I’ve recently readopted an old food tradition from my childhood. Merenda is a window between lunch and dinner that involves a quick snack after school, and a moment to recharge before tackling homework. Italians love merenda so much it even has its own national day.
In my family, merenda was practiced almost daily when we were young. It happened on the go, and it even at my father’s tailoring shop. There, my younger sister and I would sit happily, school blazers and bags off, nibbling on pastries around dad’s various sewing machines and chatting as he snipped through patterns at the cutting table. But more often than not though, merenda was a sit-down affair at our kitchen table while mum prepared something delicious.
Foods served during merenda vary depending on hunger levels, taste and mood. It’s not a full meal, but a snack that tides you over until dinner without spoiling it. If possible, you should enjoy it sitting down.
For first-generation Italo-Australian Teresa Oates, the award-winning co-author of two cookbooks, co-founder of Mangia! Mangia! and head chef of All’antico Trattoria in Melbourne, merenda was prepared by her father when she and her brother returned home from school.
Oates tells SBS Food, “It was almost always something he had just collected from our backyard garden, for example in spring, a bowl of peas, [and] we would sit around the table shelling [the peas] ourselves, or freshly picked broad beans. In summer, warm tomatoes from the vine just sprinkled with salt or cucumbers…and we would eat whole skin and all.”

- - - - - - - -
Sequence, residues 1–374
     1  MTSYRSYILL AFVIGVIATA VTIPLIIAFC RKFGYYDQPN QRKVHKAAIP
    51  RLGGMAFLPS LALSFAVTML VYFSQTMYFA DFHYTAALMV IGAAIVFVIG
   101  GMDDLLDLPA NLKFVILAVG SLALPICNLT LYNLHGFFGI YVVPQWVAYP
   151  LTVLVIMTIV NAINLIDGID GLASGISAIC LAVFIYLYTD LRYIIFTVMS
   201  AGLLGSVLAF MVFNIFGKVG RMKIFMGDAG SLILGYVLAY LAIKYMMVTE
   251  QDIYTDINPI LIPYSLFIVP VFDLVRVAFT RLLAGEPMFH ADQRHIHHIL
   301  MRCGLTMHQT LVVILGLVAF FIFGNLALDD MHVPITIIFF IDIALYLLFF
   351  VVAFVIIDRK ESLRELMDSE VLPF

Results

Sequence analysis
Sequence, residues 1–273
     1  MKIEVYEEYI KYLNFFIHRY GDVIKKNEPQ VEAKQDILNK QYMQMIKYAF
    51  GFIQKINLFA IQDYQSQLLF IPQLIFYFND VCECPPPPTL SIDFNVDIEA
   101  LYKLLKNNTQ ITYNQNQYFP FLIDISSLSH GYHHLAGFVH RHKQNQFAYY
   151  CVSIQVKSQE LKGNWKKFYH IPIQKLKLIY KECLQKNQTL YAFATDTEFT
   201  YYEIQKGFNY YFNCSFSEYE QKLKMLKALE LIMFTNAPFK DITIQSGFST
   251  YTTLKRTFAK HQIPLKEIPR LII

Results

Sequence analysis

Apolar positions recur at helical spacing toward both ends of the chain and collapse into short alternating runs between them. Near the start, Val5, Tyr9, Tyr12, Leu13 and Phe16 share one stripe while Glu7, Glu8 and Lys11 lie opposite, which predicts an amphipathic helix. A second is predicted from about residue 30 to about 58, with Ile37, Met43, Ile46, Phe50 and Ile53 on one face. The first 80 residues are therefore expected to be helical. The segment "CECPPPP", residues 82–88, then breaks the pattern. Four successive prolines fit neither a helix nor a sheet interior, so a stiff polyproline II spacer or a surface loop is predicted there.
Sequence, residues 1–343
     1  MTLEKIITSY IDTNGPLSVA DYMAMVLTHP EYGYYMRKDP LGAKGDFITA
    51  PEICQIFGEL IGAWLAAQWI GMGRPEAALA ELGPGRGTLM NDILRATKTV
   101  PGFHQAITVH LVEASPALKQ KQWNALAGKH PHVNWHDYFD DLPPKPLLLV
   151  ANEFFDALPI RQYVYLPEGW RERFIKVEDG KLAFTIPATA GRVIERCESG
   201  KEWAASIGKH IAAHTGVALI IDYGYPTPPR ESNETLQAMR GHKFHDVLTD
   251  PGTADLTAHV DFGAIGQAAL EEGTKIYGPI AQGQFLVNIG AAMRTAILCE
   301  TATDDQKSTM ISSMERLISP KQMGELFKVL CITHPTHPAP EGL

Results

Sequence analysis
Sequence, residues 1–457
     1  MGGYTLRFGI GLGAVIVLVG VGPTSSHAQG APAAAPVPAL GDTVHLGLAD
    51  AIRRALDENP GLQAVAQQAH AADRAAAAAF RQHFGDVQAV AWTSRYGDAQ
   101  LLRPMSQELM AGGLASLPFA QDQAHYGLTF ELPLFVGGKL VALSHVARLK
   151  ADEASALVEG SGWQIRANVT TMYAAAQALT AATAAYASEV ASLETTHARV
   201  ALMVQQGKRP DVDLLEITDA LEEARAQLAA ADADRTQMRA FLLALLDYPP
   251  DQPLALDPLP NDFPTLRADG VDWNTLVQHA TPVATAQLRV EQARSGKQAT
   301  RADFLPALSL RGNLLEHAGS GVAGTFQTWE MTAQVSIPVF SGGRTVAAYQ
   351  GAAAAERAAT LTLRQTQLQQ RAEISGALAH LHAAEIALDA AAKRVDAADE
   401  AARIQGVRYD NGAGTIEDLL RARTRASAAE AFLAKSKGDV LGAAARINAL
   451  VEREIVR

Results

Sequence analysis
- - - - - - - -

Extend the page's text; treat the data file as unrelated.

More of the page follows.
For Sabrina Cappadocio, a third-generation Italian cheesemaker who now runs the cheese-making course and events business La Formaggeria Cheese Art in Melbourne, “merenda time was also a moment to play with my sisters and others friends,” she says.
“I ate a lot of panzanella, [a kind of bruschetta with fresh tomatoes, extra virgin olive oil, basil and salt], and pane, olio e zucchero [bread with extra virgin olive oil and sugar].”
Merenda can also be toast and fruit or even a muesli bar, but ultimately it should be something that nourishes or provides comfort, preferably both. One of my favourite dishes during merenda was mum’s special egg and bacon sandwich served between two well-buttered pieces of golden brown toast.
However, on a celebratory day (or a tough one), you might even have Nutella, cake, or even the prized ‘merendine’ – individually wrapped baked goods that often feature two pieces of sponge, are filled with pastry cream and sometimes coated in chocolate.
Though popular with children, adults also enjoy merenda. For my father in his early 70s, it’s long been an important tradition. His tailoring shop wasn’t just a special place for my sister and me, it’s also one for his friends, many who linger longer than you’d think a ‘quick’ coffee would allow.
“Irrespective of age or nationality, we could all do with a bit more merenda in our lives.”
Given merenda’s popularity, dad and his mates (not only Italians) began their own merenda for grown-ups at his friend’s workshop. Here while snacking on homemade cured meats, cheese and wine, they would chat, share stories and confide in one another. But pandemic restrictions have paused their decade-long meetup, and it’s one he misses greatly.
Food, though synonymous with fuel and nourishment, also provides other essentials like connection, conversation and friendship. Irrespective of age or nationality, we could all do with a bit more merenda in our lives. Whether we leave a snack by someone’s door, arrange to eat together online or come together – subject to your area’s gathering restrictions -, like all shared mealtimes, merenda ensures that not only are our loved ones fed but that they feel loved, heard and seen too.
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